Buprenorphine News Feed

Buprenorphine in treatment of opioid addiction: opportunities, challenges and strategies.

Pub Med: Keyword Buprenorphine - 9 hours 42 min ago

Buprenorphine in treatment of opioid addiction: opportunities, challenges and strategies.

Expert Opin Pharmacother. 2014 Aug 29;:1-13

Authors: Li X, Shorter D, Kosten TR

Abstract
Introduction: Buprenorphine follows the success of methadone as another milestone in the history of treatment for opioid addiction. Buprenorphine can be used in an office-based setting where it is clearly effective, highly accepted by patients and has a favorable safety profile and less abuse potential. However, the adoption of buprenorphine treatment has been slow in the USA. Areas covered: This article first reviews the history of medication-assisted opioid addiction treatment and the current epidemic opioid addiction, followed by a review of the efficacy, pharmacology and clinical prescription of buprenorphine in office-based care. We then explore the possible barriers in using buprenorphine and the ways to overcome these barriers, including new formulations, educational programs and policy regulations that strike a balance between accessibility and reducing diversion. Expert opinion: Buprenorphine can align addiction treatment with treatments for other chronic medical illnesses. However, preventing diversion will require graduate and continuing medical education and integrated care models for delivery of buprenorphine to those in need.

PMID: 25171726 [PubMed - as supplied by publisher]

A 'Missing Not at Random' (MNAR) and 'Missing at Random' (MAR) Growth Model Comparison with a Buprenorphine/Naloxone Clinical Trial.

Pub Med: Keyword Buprenorphine - 9 hours 42 min ago

A 'Missing Not at Random' (MNAR) and 'Missing at Random' (MAR) Growth Model Comparison with a Buprenorphine/Naloxone Clinical Trial.

Addiction. 2014 Aug 29;

Authors: McPherson S, Barbosa-Leiker C, Mamey MR, McDonell M, Enders CK, Roll J

Abstract
AIMS: To compare three missing data strategies: 1) Latent growth model that assumes the data are missing at random (MAR) model, 2) Diggle-Kenward missing not at random (MNAR) model where dropout is a function of previous/concurrent urinalysis (UA) submissions, and 3) Wu-Carroll MNAR model where dropout is a function of the growth factors.
DESIGN: Secondary data analysis of a National Drug Abuse Treatment Clinical Trials Network trial that examined a 7-day versus 28-day taper (i.e., stepwise decrease in buprenorphine/naloxone) on the likelihood of submitting an opioid-positive UA during treatment.
SETTING: 11 outpatient treatment settings in 10 US cities.
PARTICIPANTS: 516 opioid dependent participants.
MEASUREMENTS: Opioid UAs provided across the 4-week treatment period.
FINDINGS: The MAR model showed a significant effect (B=-0.45, p <0.05) of trial arm on the opioid-positive UA slope (i.e., 28-day taper participants were less likely to submit a positive UA over time) with a small effect size (d=0.20). The MNAR Diggle-Kenward model demonstrated a significant (B=-0.64, p<0.01) effect of trial arm on the slope with a large effect size (d=0.82). The MNAR Wu-Carroll model evidenced a significant (B=-0.41, p<0.05) effect of trial arm on the UA slope that was relatively small (d=0.31).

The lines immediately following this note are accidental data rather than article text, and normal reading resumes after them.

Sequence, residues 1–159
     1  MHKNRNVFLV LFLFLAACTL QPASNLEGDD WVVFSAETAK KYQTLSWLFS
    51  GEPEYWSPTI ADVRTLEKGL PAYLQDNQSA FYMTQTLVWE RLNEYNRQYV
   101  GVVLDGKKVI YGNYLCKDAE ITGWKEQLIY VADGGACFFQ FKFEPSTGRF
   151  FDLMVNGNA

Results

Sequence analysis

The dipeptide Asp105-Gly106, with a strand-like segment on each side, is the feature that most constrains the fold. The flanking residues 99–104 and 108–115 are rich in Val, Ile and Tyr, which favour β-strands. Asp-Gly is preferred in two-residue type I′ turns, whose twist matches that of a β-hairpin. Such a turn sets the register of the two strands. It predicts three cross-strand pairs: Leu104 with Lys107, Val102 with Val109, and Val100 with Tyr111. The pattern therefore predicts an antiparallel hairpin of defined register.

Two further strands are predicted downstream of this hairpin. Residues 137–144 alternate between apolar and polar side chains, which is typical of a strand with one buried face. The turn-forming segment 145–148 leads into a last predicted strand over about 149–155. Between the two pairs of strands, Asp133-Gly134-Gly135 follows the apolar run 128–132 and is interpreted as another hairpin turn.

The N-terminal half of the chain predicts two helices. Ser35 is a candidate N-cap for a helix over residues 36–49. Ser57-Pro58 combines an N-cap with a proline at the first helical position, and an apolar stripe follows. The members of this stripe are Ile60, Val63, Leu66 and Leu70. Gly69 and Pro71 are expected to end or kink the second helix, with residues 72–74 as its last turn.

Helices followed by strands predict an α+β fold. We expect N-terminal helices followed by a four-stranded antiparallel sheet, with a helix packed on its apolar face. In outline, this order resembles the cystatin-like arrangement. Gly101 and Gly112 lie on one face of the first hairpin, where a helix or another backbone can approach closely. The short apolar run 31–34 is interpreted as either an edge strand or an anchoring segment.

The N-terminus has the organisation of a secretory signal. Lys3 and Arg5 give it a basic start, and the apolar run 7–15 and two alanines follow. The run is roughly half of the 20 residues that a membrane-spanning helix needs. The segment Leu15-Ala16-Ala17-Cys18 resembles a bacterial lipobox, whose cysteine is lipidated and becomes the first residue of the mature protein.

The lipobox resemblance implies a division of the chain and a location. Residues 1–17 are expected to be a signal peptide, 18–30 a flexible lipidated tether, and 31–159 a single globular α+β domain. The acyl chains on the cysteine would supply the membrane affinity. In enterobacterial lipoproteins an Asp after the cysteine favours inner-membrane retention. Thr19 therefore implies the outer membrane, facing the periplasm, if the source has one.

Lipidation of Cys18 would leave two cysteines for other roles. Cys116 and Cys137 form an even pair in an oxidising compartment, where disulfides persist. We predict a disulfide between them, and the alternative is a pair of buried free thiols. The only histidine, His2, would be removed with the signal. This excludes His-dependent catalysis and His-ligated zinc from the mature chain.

CONCLUSIONS: This performance comparison of three missing data strategies (latent growth model, Diggle-Kenward selection model, Wu-Carrol selection model) on sample data indicates a need for increased use of sensitivity analyses in clinical trial research. Given the potential sensitivity of the trial arm effect to missing data assumptions, it is critical for researchers to consider whether the assumptions associated with each model are defensible.

PMID: 25170740 [PubMed - as supplied by publisher]

Dosing considerations with transdermal formulations of fentanyl and buprenorphine for the treatment of cancer pain.

Pub Med: Keyword Buprenorphine - 9 hours 42 min ago

Dosing considerations with transdermal formulations of fentanyl and buprenorphine for the treatment of cancer pain.

J Pain Res. 2014;7:495-503

Authors: Skaer TL

Abstract
Opioids continue to be first-line pharmacotherapy for patients suffering from cancer pain. Unfortunately, subtherapeutic dosage prescribing of pain medications remains common, and many cancer patients continue to suffer and experience diminished quality of life. A large variety of therapeutic options are available for cancer pain patients. Analgesic pharmacotherapy is based on the patient's self-report of pain intensity and should be tailored to meet the requirements of each individual. Most, if not all, cancer pain patients will ultimately require modifications in their opioid pharmacotherapy. When changes in a patient's medication regimen are needed, adequate pain control is best maintained through appropriate dosage conversion, scheduling immediate release medication for withdrawal prevention, and providing as needed dosing for breakthrough pain. Transdermal opioids are noninvasive, cause less constipation and sedation when compared to oral opioids, and may improve patient compliance. A relative potency of 100:1 is recommended when converting the patient from oral morphine to transdermal fentanyl. Based on the limited data available, there is significant interpatient variability with transdermal buprenorphine and equipotency recommendations from oral morphine of 75:1-110:1 have been suggested. Cancer patients may require larger transdermal buprenorphine doses to control their pain and may respond better to a more aggressive 75-100:1 potency ratio. This review outlines the prescribing of transdermal fentanyl and transdermal buprenorphine including how to safely and effectively convert to and use them for those with cancer pain.